Violent Game Debate Is A Non-Issue If Parents Did Their Jobs
Somebody really needs to explain this to me. I must be just plain obtuse.
A new study has come to light, providing the public with more evidence that violent video games can have a desensitizing effect.
The study focused on 30 teenage boys between the ages of 13 and 15; one group played violent games for three or more hours a day, while the other played for less than one hour. Researchers than tracked the attitudes and behaviors of the boys after playing Manhunt and Animaniacs; obviously, two distinctly different titles. The results showed that boys exposed to the violence were more stressed at night, and even had "feelings of sadness." The study suggests that continued exposure to violent games will cause participants to become desensitized to brutality.
Firstly, this study isn't necessary. We've seen a thousand others exactly like it over the years, as researchers have done the same thing with all forms of violent entertainment, including movies and music. Some of you who are old enough may remember studies from the 80s, when violent music lyrics were called into question (Twisted Sister's Dee Snider even went before Congress and gave a much-publicized speech). The result of that was the Parental Advisory label we see on some music now.
Look, we know we're supposed to protect young, developing minds from the barrage of badness the media constantly throws at them. It's hard to do, but we have to try. And we have to try because violence does have an impact during developing years; anyone who says otherwise is just being naive. But excuse me, I must be missing something: We already have the ESRB. Video games are rated. Games like Manhunt are clearly rated M for Mature; hence, restricted to 17 years of age and older. So what the hell were those aged 13-15 doing playing that game in the study? They shouldn't ever have that game, should they? The industry has taken appropriate strides so they won't have that game.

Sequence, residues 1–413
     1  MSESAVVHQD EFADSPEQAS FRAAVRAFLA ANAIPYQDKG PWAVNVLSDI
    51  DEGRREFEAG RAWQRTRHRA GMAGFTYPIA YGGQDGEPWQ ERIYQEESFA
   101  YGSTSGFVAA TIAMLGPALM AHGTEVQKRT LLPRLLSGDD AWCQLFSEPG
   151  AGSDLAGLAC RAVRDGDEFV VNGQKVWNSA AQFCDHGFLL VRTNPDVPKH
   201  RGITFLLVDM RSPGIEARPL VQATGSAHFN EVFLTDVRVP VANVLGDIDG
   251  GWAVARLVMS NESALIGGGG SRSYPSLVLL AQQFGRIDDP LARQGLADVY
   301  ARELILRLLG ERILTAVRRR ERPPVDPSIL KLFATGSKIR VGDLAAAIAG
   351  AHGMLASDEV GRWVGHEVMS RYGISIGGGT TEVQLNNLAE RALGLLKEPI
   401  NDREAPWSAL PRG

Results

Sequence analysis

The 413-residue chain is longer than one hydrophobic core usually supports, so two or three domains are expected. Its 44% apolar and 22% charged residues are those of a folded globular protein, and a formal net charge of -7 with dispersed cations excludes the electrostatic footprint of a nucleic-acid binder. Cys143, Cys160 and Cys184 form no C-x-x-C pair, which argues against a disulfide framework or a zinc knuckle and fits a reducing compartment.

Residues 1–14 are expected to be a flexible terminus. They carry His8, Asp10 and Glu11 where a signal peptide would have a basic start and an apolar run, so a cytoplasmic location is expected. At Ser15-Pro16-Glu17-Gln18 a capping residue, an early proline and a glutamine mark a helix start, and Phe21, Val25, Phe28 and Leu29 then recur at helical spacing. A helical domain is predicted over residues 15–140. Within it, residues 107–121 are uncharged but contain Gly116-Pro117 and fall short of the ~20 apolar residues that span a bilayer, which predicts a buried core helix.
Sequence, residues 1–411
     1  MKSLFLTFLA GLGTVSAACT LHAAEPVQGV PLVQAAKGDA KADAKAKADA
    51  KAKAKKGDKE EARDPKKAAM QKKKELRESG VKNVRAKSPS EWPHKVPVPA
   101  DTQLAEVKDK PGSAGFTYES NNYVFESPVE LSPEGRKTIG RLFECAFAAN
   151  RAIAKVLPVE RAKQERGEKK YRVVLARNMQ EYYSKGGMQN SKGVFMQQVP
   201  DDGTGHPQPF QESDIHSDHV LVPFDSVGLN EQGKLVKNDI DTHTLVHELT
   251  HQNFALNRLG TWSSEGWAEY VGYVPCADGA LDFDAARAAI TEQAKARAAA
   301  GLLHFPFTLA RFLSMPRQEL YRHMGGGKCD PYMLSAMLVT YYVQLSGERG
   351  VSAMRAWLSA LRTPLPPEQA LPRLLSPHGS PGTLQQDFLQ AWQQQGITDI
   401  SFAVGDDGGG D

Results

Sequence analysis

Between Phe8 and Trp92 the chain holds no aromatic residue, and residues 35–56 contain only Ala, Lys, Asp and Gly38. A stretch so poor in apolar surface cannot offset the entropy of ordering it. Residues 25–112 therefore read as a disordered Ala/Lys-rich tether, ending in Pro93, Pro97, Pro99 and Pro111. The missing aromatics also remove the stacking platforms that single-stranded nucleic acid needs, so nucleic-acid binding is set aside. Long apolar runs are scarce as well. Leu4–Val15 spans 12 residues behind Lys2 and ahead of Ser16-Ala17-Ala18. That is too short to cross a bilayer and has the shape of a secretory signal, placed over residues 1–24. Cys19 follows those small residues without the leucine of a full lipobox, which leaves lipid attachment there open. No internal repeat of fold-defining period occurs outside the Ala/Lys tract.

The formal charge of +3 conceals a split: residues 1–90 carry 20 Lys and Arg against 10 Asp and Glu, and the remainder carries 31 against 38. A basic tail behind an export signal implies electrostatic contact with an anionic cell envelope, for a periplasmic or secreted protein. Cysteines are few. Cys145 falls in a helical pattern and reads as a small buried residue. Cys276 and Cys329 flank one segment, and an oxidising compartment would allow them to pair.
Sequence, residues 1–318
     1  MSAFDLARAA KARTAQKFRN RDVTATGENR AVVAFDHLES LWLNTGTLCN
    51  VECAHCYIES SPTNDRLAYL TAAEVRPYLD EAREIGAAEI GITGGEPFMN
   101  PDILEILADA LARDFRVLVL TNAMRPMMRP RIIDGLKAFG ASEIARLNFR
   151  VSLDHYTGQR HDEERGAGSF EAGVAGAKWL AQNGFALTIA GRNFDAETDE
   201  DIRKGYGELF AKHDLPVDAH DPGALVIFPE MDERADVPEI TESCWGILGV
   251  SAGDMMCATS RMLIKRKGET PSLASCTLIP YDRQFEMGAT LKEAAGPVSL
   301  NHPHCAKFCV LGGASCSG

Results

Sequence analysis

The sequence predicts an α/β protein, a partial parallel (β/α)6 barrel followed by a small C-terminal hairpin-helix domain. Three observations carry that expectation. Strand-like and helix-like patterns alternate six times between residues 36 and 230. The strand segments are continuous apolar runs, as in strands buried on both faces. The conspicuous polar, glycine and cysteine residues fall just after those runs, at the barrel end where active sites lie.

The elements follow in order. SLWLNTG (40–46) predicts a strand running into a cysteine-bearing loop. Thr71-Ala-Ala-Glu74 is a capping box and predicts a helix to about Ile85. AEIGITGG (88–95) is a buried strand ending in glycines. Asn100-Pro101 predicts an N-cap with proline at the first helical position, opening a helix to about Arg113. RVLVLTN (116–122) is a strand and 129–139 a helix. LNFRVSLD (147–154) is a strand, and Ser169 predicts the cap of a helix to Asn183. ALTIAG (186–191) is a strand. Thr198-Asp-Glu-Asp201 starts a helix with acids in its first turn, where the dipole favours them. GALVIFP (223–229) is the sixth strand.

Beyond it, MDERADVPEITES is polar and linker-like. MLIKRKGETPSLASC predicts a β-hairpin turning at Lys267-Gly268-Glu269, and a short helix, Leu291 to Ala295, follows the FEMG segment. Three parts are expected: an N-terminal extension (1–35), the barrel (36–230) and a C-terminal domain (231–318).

Ah, but once again we come to the crux of the issue, and it's one everyone wants to avoid because it's sacrilege to blame parents. We've reached a point in this society where we're simply not allowed to do that. Blame anything and everything; blame the developers, blame the publishers, blame the advertisers, blame the retailers, but God forbid, don't blame the parents. I mean, after all, they're the ones who must've bought a game like Manhunt for their 13, 14, or 15-year-old, right? The bottom line is that if parents simply did their jobs and acted like parents, there would be no violent game debate. There can't be until a study proves that violent games and media can have a significant and long-lasting impact on mature, fully grown adults. They're the intended audience for mature products!
I haven't seen such a study yet, have you? Why are these studies involving violent games and underage kids? The kids shouldn't be playing them; says so right on the box. So what is the point, please? We already know all this. How's about doing a study with parents? How about having one group where the parents let a kid play and do whatever he wants, and another group where the parents actually exercise some discipline?
Know what those results will be? 'cuz I do. In our heart of hearts, we all do.
5/10/2013 11:03:26 AM Ben Dutka